Apple has joined other high-tech giants in a commitment to help alleviate a problem partially of their own making.   On Monday, the Cupertino, California firm announced a $2.5 billion plan to help address the housing availability and affordability crisis in Northern California. The company said that costs have skyrocketed for renters and potential homebuyers and, as a result, community members like teachers, firefighters, first responders and service workers are increasingly having to make the difficult choice to leave behind the community they have long called home.  

While affordability is becoming a problem in many areas, the large numbers of highly paid professionals employed in the Bay Area have driven prices especially high.  Even after a recent downturn in area prices, the median home price in the area is over $900,000.  Apple says nearly 30,000 people left San Francisco between April and June of this year and homeownership in the Bay Area is at a seven-year low.

The company's commitment breaks down to:   

  • A $1 billion affordable housing investment fund. This is a first-of-its-kind venture that will provide the state and others with an open line of credit to develop and build additional new, very low- to moderate-income housing faster and at a lower cost.
  • A $1 billion first-time homebuyer mortgage assistance fund: Working with the state, this first-time homebuyer fund will provide aspiring homebuyers with financing and down payment assistance. Apple and the state will explore strategies to increase access to first-time homeownership opportunities for essential service personnel, school employees and veterans.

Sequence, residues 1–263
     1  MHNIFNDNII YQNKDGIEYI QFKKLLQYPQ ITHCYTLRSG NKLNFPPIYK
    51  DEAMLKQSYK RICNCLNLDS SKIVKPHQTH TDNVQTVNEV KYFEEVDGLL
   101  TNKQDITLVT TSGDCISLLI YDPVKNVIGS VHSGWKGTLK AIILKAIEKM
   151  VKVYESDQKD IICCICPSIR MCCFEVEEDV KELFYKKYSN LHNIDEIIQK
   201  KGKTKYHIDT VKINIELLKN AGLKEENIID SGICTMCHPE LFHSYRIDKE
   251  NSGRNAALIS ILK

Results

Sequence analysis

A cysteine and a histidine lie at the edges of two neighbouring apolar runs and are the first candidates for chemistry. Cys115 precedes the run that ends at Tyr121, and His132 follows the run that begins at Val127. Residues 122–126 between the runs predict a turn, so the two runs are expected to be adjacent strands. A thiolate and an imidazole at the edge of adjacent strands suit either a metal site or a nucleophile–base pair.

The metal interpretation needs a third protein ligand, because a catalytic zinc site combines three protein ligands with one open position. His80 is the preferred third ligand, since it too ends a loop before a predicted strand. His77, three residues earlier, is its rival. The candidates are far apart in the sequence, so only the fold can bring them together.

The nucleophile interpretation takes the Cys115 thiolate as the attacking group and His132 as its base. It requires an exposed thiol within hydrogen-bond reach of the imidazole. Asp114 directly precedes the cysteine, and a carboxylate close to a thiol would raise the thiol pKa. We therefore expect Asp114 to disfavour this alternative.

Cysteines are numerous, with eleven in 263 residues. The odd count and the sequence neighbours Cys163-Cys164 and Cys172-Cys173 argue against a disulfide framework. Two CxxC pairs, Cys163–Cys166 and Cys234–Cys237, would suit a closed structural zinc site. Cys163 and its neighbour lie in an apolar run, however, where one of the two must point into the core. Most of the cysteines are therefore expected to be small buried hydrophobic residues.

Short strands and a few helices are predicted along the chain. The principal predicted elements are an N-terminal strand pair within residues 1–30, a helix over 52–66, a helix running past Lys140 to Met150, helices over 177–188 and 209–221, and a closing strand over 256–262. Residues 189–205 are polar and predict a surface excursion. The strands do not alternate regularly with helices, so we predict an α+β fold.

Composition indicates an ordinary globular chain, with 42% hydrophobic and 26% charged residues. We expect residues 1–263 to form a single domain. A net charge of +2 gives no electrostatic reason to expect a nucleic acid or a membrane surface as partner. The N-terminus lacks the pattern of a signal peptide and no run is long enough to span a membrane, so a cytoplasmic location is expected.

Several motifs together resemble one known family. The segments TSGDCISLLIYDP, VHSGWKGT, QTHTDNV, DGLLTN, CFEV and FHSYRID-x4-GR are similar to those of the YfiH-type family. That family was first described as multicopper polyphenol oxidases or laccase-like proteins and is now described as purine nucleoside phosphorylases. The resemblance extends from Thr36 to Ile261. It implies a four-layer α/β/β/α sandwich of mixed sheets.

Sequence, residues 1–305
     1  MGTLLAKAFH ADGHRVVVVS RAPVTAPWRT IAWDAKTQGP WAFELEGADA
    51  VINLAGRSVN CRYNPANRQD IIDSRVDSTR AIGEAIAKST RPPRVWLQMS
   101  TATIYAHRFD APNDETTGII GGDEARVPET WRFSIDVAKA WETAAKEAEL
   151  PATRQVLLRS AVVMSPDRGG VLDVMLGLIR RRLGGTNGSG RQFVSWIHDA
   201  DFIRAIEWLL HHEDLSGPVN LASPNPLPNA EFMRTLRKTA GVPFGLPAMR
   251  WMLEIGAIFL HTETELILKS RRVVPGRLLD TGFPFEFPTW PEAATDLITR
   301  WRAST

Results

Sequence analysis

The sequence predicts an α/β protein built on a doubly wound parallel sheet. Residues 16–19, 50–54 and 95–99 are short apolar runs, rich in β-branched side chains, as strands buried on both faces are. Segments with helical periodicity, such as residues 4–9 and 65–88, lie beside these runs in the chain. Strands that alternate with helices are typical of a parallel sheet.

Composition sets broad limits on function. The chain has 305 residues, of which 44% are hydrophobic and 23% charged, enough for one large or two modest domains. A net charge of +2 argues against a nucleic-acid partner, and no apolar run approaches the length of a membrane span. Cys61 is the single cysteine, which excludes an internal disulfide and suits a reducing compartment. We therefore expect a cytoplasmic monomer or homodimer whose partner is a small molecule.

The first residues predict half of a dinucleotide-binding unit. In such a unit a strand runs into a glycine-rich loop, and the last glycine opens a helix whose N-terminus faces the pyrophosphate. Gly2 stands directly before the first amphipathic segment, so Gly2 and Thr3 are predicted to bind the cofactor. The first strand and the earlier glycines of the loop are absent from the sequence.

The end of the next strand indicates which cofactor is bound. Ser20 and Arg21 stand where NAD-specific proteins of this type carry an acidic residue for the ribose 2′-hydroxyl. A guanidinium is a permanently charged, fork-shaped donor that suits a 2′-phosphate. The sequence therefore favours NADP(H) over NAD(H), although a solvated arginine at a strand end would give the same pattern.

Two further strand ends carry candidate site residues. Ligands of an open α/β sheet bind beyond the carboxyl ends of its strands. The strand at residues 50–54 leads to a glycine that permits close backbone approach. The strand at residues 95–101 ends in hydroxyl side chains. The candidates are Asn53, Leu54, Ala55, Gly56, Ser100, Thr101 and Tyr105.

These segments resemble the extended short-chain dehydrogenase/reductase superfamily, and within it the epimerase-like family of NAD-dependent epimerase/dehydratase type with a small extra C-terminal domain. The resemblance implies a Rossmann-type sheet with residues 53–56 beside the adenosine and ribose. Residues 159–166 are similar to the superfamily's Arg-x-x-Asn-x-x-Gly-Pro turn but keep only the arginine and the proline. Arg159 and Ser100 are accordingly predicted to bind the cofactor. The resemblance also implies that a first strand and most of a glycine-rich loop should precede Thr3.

• $300 million in land owned by the company in San Jose will be made available for developing affordable housing.

The funding commitment to the state is expected to take approximately two years to be fully utilized depending on the availability of projects. Capital returned to Apple will be reinvested in future projects over the next five years.

In addition to these initiatives, Apple is working to identify private developers who, with the right financing and investment, are ready to start construction on affordable housing projects in the Bay Area immediately.

Apple will also provide $200 million to support new lower-income housing and help some of the most vulnerable populations in the Bay Area. The majority of the funds will be in the form of a $150 million affordable housing fund.  The fund, administered with partners in the area, will consist of long-term forgivable loans and grants.  The $50 million balance will be donated to Destination: Home's efforts to address homelessness in Silicon Valley. Apple will focus its contribution on driving systemic change across the many factors affecting homelessness and will also work to identify similar efforts in Northern and Southern California, focusing on strategies that both end and prevent homelessness.

In announcing the program, Tim Cook Apple's CEO said "Before the world knew the name Silicon Valley, and long before we carried technology in our pockets, Apple called this region home, and we feel a profound civic responsibility to ensure it remains a vibrant place where people can live, have a family and contribute to the community.  Affordable housing means stability and dignity, opportunity and pride. When these things fall out of reach for too many, we know the course we are on is unsustainable, and Apple is committed to being part of the solution."

California Governor Gavin Newsom said, "The sky-high cost of housing - both for homeowners and renters - is the defining quality-of-life concern for millions of families across this state, one that can only be fixed by building more housing. This partnership with Apple will allow the state of California to do just that."

Apple efforts are similar to earlier plans announced by Microsoft and Google.  In January Microsoft, headquartered in Seattle, said it was putting up $500 million to help address affordable housing problems in its hometown.  The money will be used to fund construction of homes affordable not only to the company's own non-tech workers, but also for teachers, firefighters, and other middle- and low-income residents.

Then in June, Google announced it would provide $1 billion over 10 years to promote affordability. Those funds consist of company own land repurposed to build 15,000 new homes, a $250 million investment fund to incentivize builders to construct 5,000 affordable housing units, and another $50 million to combat homelessness in the area.